Mother of cancer victim Donal Walsh says harsh reality of suicide must be highlighted
Suicide support helpline on the way for farm families
Members of the audience at the 2013 Women and Agriculture Conference in Killarney.
Some 650 women rose to their feet in unison and gave a standing ovation to Elma Walsh yesterday after she talked about the death of her son Donal in May.
The 16-year-old from Tralee had cancer and in the final months of his illness he appealed to young people not to take their own lives.
Ms Walsh told the Women and Agriculture conference in Killarney that she had received many letters from people who were depressed and from people who were coping with the aftermath of a suicide.
“We have letters from people in their 70s whose brothers and sisters took their own lives 50 years ago and only after seeing Donal on television felt they could let go,” she said.
The family had also received letters from young widows and widowers who were struggling to explain to their children why their parents had taken their own lives. “These are the harsh realities of suicide and should be highlighted.”
Done all she could
She said she knew she had done all she could to keep Donal alive. “I can’t imagine what the parent of a child who commits suicide goes through. They don’t get that chance.”
Earlier the conference heard that a dedicated helpline for farm families affected by stress and suicide will be launched in the coming weeks to address the high incidence of suicide in rural communities.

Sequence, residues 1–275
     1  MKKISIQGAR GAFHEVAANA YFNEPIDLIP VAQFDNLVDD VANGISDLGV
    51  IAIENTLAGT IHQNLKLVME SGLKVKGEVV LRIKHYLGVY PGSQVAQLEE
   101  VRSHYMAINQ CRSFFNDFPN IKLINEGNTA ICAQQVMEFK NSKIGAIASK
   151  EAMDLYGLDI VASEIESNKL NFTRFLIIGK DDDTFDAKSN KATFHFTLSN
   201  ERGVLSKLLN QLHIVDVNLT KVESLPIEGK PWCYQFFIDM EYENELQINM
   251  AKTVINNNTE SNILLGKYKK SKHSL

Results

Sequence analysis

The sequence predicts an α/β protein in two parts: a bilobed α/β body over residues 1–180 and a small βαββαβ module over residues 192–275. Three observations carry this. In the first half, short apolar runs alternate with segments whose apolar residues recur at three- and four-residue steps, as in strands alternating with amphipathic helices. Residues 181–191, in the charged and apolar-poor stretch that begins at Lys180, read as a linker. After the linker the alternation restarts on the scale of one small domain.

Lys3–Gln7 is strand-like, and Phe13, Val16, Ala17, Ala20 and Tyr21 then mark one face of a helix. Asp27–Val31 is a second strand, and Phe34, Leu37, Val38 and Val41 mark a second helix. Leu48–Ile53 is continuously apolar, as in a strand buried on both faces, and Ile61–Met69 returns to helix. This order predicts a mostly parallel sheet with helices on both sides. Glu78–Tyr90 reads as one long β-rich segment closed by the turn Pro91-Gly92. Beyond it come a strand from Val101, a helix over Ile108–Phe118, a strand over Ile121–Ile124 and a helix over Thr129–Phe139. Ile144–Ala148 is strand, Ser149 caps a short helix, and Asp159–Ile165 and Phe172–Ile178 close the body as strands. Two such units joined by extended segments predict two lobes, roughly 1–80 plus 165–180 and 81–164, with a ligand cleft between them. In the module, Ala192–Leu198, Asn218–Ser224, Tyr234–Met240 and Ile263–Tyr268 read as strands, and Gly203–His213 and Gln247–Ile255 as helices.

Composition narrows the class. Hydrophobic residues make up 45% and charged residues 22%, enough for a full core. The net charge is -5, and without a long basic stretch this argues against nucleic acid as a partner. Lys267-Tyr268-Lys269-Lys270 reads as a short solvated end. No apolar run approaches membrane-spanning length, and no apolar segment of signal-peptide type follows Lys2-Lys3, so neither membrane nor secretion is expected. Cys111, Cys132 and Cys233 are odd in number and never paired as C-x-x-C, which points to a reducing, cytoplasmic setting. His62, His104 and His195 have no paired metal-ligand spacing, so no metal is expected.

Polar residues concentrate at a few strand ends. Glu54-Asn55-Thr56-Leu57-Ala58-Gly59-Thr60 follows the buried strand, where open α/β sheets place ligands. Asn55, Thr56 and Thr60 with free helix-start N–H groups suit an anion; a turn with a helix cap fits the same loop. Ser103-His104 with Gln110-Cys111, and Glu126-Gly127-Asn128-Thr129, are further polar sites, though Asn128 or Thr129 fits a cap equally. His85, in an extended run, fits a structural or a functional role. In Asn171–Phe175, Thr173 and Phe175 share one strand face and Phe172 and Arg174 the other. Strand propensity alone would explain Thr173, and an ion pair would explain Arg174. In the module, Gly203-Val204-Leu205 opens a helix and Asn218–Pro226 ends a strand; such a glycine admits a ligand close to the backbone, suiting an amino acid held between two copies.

Irish Farmers’ Association farm family chairwoman Margaret Healy said her group was working with the suicide prevention centre Pieta House to help families recognise the signs of suicide. A recent study of suicide cases in Cork between 2008 and 2012 showed 13 per cent of the victims worked in agriculture – second only to construction, which accounted for 41 per cent.
Ms Healy said people were often afraid to ask someone if they felt suicidal, fearing it would give them ideas. “By using the word suicide you’re not going to plant the idea in somebody’s head. You’re not going to make them suicidal.”
Stop and talk
Ms Healy also said people needed to stop and talk more as some people in rural Ireland could spend a week without talking to anyone. There was no point in asking what the Government was going to do about it.“We do have to become communities again. We do have to look out for each other.”
Dr Donal O’Shea, consultant endocrinologist at St Vincent’s hospital in Dublin, told women attending the conference that they were often the role models for their family’s eating behaviour. He said there was an 80 per cent chance that an obese child would be an obese adult and he urged parents to ban energy and sugary drinks.
Dr O’Shea also criticised Coca Cola for directly targeting children with their recent campaign which involved putting names on bottles so that children wanted a bottle when they saw their name on it.